Authority has eye on Ninth Square
CHFA looking for buyer of large city project
By Mary E. O'Leary
NEW HAVEN — The Housing Authority of New Haven is looking for a partner to bid on The Residences at Ninth Square, the large housing and commercial development that is credited with setting downtown on a positive growth trajectory.
It is one of some 20 companies that are considering submitting proposals by the Nov. 20 deadline.
The mix of affordable and market-rate housing, plus restaurants, galleries and other groundfloor businesses have been a success for the public-private partnership that came together in 1993 to stabilize an important part of downtown.
The Residences at Ninth Square is in debt, however, to the Connecticut Housing Finance Authority for more than $60 million on the principle alone, according to Erik Johnson, a member of the administrative team at the Housing Authority.
New Haven is owed some $24.3 million, which includes interest for more than 20 years, New Haven Economic Development Administrator Matthew Nemerson said.
A third investor, Yale University, has already been bought out. The last investor was the state Department of Housing.
New Haven is in fourth and fifth position in terms of being paid back, with CHFA first in line.
CHFA had no comment beyond stating it is working to assist the sale to new owners.
The Related Companies and McCormack Baran form the partnership that now runs it.
Karen DuBois-Walton, executive director of the Housing Authority, said her agency is running the numbers on a proposal and is proving to be a popular partner given its experience with affordable housing programs.
Johnson said there are 335 one- and two-bedroom apartments in the multibuilding development, 55 percent of which are deemed affordable housing under state guidelines and 45 percent are market rate. Two garages and 55,000 square feet of commercial space are also part of the project that extends along South Orange, Crown and George streets.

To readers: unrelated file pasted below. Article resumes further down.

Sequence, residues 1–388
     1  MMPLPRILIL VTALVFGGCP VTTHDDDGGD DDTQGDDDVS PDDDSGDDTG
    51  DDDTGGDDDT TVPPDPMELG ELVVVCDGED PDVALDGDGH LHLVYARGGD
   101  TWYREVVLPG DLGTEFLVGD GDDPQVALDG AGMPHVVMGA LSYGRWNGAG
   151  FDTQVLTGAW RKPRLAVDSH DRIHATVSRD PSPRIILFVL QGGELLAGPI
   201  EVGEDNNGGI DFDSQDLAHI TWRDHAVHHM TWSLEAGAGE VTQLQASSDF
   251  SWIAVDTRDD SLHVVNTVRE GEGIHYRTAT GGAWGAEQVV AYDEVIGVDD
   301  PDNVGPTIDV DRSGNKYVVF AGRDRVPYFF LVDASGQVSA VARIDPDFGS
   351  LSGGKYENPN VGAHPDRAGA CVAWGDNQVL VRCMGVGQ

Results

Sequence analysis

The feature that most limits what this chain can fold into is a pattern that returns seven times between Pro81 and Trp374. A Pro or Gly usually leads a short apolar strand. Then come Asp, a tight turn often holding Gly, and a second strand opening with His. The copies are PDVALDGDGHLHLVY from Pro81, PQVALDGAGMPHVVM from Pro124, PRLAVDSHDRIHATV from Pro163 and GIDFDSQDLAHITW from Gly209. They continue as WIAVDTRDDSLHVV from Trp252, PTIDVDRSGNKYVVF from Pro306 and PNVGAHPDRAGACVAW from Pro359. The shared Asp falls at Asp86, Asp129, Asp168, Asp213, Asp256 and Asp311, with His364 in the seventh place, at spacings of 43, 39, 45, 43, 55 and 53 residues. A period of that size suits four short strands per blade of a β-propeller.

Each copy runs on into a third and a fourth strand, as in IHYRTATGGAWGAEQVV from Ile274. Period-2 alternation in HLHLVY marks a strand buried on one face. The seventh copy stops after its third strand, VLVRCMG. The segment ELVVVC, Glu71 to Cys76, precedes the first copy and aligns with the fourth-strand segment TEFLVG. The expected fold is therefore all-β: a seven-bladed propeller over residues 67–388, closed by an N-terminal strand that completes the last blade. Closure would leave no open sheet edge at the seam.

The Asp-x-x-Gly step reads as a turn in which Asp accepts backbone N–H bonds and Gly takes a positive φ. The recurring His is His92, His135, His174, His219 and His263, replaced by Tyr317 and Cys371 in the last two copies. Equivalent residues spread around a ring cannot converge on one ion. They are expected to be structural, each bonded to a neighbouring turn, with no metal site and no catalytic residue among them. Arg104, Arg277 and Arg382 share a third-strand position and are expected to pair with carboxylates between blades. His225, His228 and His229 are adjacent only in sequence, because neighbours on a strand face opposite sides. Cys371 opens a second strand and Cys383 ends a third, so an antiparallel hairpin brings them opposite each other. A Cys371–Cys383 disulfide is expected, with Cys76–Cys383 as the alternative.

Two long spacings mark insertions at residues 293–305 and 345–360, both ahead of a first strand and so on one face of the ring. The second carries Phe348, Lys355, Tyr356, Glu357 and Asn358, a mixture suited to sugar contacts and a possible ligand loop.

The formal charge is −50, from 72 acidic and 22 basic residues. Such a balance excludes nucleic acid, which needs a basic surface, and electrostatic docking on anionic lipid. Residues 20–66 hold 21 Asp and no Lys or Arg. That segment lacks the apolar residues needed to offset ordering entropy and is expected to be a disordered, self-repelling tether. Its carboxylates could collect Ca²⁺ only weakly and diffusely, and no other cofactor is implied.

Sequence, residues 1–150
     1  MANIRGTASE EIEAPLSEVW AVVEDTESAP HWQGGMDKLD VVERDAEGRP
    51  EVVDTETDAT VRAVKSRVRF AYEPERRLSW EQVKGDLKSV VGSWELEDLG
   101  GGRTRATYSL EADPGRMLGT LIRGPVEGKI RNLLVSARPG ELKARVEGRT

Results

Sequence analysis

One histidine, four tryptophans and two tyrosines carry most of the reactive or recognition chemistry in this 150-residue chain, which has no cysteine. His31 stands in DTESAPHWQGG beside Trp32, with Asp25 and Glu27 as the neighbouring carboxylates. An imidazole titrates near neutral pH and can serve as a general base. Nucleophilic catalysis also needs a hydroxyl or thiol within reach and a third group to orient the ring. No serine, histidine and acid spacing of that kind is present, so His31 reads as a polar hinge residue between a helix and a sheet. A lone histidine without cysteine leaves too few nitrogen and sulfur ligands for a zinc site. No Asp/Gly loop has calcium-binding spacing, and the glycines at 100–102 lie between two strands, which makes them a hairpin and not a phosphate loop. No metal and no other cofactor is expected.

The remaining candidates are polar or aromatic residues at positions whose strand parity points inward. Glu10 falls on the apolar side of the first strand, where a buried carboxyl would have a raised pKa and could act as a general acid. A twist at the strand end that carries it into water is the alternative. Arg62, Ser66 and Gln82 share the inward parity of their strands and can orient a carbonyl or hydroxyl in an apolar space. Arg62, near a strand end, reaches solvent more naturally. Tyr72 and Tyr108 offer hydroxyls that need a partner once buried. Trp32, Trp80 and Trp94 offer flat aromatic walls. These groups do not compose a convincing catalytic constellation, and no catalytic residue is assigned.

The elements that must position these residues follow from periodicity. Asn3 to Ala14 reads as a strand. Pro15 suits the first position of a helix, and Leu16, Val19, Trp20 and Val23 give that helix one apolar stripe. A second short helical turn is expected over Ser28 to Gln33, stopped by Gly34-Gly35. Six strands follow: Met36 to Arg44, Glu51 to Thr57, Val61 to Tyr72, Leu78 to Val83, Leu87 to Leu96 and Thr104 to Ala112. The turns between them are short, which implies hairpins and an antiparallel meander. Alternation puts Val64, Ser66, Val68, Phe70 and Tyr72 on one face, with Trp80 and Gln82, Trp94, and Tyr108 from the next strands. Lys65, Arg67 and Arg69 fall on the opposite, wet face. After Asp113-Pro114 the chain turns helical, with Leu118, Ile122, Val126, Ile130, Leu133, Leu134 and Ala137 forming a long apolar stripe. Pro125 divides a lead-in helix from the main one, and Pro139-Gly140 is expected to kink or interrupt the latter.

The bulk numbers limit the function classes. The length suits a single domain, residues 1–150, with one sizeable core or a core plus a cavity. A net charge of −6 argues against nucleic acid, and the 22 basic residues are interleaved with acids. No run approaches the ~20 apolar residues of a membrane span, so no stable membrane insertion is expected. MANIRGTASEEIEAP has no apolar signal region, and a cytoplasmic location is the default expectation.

An upgrade of the property and a discount on the debt with CHFA and with New Haven has long been under consideration as the current partners continue to struggle with their finances.
Nemerson said the city has put together a list of its requirements to help the bidders.
The requirements include: $680,000 in a yearly PILOT, or payment in lieu of taxes, for 20 years; keeping 55 percent of the units affordable for 20 years using the current income guidelines; a payment of $2 million in return for forgiving all of the city’s subordinated loans’ principal and accrued interest.
Also, renovations should be done where needed, including upgraded kitchens, bathrooms, energy efficient windows and improved heating and airconditioning systems; a commitment to maintain the current property management and maintenance staff who have not been offered a position by the existing owners
Nemerson said laying out the city’s position will save developers from negotiating with CHFA and then being surprised of the need to negotiate with New Haven.
“We thought the best strategy to protect the city was for us to have all 20 people, competing to purchase it, know what our minimum requirements are,” Nemerson said.
“You bid, you know what the sellers want, you know what CHFA wants and you know what we want so everyone can value those things in their own discount rates,” Nemerson said.
The administrator said the city’s debt is not as important as the need for a PILOT and maintaining affordability, something that was required in the original bonds.
“We want to make sure that that isn’t somehow abrogated,” he said. “We just want to put together a package that we think is fair and that doesn’t reduce the value of the property.”
Johnson said The Residences at Ninth Square were built in two phases in 1993 and 1994. Two of the buildings were new construction and the others are rehabbed century-old structures.
The original investment was $10 million in taxable bonds bought by Yale; $31.8 million in tax exempt bonds frrom CHFA; $4.6 million in special obligation bonds from New Haven; $7 million by the state Department of Housing; $8.9 million in an Urban Development Action Grant; and equity generated through sale of federal low-income housing tax credits and historic investment tax credits.
The total cost in the mid-1990s was $86,600,000 or $258,000 per unit not incluing the parking and retail space, according to an analysis done by Christopher Miller in 2011 at the Yale Law School.
New Haven in recent years has been getting tax payments from the project and assesses it at $42 million, but for years it waived tax payments.
Nemerson said this re-refinancing of the project demonstrates the large cost of providing affordable housing, but “it is the right thing to do.”
He said this will continue to be more difficult given proposed tax credit cuts at the federal level and budget cuts at the state.
Part of the Residences at Ninth Square where there is retail on the first floor on Orange Street. The large project is for sale.